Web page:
Full Career Retrospective and Greatest Moments for Junkyard Dog

Erik Beaston@@ErikBeastonFeatured ColumnistFebruary 11, 2015

Credit: WWE.com

The February 9 episode of Monday Night Raw saw World Wrestling Entertainment continue to pay homage to some of the truly great African-American Superstars to ever step foot inside a squared circle. This week, they looked at 2004 Hall of Fame inductee, and one of the most charismatic performers of all time, the Junkyard Dog.

To tell the story of JYD is to tell the story of one of professional wrestling's most historically significant stars. While most fans remember the Junkyard Dog as an immensely popular midcard star for Vince McMahon's promotion during the height of the Rock and Wrestling, Junkyard Dog was the first African-American star to become the top guy in a promotion.

He was a huge draw in Mid-South Wrestling for the great "Cowboy" Bill Watts. His personality and aforementioned charisma struck a chord with the audience in Louisiana, and he became a cultural hero as much as he was a wrestling star.

Few had the ability to connect with the fans the way the Junkyard Dog did. He was not just popular, he was beloved.

When the Fabulous Freebirds blinded Dog in a huge, influential angle, a fan hopped in the ring and threatened to shoot Michael Hayes, Buddy Roberts and Terry Gordy.

That is the type of passion the performer elicited from the audience. That is the type of connection he had forged with them and the love he experienced in that promotion.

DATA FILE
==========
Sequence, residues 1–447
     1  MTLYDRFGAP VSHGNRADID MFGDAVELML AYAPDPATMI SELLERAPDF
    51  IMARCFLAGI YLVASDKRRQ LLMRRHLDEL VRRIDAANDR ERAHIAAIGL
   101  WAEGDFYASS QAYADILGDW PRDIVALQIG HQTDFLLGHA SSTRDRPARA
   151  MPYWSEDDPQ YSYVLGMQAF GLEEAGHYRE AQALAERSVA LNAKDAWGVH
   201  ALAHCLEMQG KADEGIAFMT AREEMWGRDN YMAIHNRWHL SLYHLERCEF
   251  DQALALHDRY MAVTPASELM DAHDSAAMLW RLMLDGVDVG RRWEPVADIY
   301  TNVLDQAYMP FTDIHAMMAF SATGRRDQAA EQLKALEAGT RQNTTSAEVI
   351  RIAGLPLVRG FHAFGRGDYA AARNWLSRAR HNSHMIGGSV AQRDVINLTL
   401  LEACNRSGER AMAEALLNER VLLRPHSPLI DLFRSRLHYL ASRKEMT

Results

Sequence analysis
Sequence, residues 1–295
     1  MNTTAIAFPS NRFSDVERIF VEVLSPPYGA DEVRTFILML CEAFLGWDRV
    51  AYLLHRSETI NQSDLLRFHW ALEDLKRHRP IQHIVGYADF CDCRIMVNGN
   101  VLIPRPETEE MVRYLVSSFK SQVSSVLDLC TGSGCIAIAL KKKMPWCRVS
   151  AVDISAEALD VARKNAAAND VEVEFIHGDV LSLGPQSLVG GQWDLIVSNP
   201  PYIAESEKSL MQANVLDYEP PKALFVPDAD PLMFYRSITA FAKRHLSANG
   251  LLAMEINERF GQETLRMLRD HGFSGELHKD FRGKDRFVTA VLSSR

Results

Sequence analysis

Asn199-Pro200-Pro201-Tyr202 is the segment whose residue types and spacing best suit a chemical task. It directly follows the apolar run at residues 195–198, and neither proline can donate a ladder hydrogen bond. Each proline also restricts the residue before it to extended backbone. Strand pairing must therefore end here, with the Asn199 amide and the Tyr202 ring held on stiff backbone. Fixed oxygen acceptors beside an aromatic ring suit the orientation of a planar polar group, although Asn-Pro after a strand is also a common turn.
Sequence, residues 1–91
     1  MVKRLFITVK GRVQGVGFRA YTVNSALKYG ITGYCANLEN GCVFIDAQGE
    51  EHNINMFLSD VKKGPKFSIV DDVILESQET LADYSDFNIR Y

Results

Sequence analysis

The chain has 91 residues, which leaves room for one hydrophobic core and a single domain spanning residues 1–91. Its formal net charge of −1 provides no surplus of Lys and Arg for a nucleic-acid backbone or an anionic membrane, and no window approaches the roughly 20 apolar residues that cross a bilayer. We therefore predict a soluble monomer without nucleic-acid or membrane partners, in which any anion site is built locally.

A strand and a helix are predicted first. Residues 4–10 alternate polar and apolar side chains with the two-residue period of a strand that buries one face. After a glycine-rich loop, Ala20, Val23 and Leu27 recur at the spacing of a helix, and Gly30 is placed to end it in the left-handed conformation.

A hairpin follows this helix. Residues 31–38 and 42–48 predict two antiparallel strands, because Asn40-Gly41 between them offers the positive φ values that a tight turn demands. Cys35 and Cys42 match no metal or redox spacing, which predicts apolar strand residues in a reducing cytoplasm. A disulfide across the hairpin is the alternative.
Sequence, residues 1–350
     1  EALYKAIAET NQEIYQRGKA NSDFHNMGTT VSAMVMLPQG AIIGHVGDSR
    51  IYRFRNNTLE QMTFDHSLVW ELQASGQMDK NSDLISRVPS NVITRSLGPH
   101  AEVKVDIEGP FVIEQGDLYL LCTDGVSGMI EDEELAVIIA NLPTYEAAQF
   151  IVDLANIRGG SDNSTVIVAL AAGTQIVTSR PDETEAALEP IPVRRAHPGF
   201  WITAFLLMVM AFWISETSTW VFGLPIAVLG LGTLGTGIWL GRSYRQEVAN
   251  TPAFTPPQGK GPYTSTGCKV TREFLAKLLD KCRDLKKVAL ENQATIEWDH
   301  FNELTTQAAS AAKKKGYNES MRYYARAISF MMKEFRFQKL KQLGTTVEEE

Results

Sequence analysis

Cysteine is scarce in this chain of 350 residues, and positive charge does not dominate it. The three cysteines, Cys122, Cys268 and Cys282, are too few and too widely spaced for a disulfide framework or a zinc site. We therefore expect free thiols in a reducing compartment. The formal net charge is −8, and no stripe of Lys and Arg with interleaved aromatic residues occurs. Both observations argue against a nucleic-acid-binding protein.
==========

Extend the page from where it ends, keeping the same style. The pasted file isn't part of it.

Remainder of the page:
His success in Mid-South ultimately led to a stint with WWE, where fans across the country were allowed the opportunity to bare witness to the character that rose to prominence in one of the most influential promotions in the history of the industry.

Like he did in Louisiana, JYD became one of the most popular characters in McMahon's three-ring circus.

On the heels of WWE's introduction of JYD to an audience full of fans who may not be familiar with his work, enjoy this look back at his Hall of Fame career, told through some of his greatest matches and moments.

Big Daddy Ritter and Stampede Wrestling

While Sylvester Ritter, who would eventually become the Junkyard Dog, had some minimal experience between the ropes, it was not until he arrived in Calgary, Alberta, Canada, and joined Stu Hart's Stampede Wrestling that his skills were fine-tuned and Ritter had the opportunity to evolve and grow as a worker.

While working in the promotion, Ritter was a cocky, arrogant heel who often found himself at odds with a very young Jake Roberts. Together, they worked several matches before culminating their rivalry in a Ladder match.

It was a revolutionary bout used almost primarily in Calgary at the time.

In Stampede, Ritter reigned as the North American Heavyweight champion twice, proving that Hart saw something in the young star that would eventually be better capitalized on by Watts and McMahon later in his career.

Mid-South Wrestling

Junkyard Dog was the most popular star in Mid-South, the biggest draw in the promotion. Watts was smart enough to recognize the connection his young performer had with the audience and, rather than seeing race, the only color he saw was greenโ€”as in money.

And lots of it.

Dog became the top babyface in the territory, the star that Watts could build his promotion around.

Whether he was feuding with the Freebirds and partaking in an angle that saw him blinded following a vicious and ruthless assault by Michael Hayes, or feuding with former tag team partner-turned-enemy Ted DiBiase, JYD was growing and evolving as a worker by battling the competitors of different styles and backgrounds.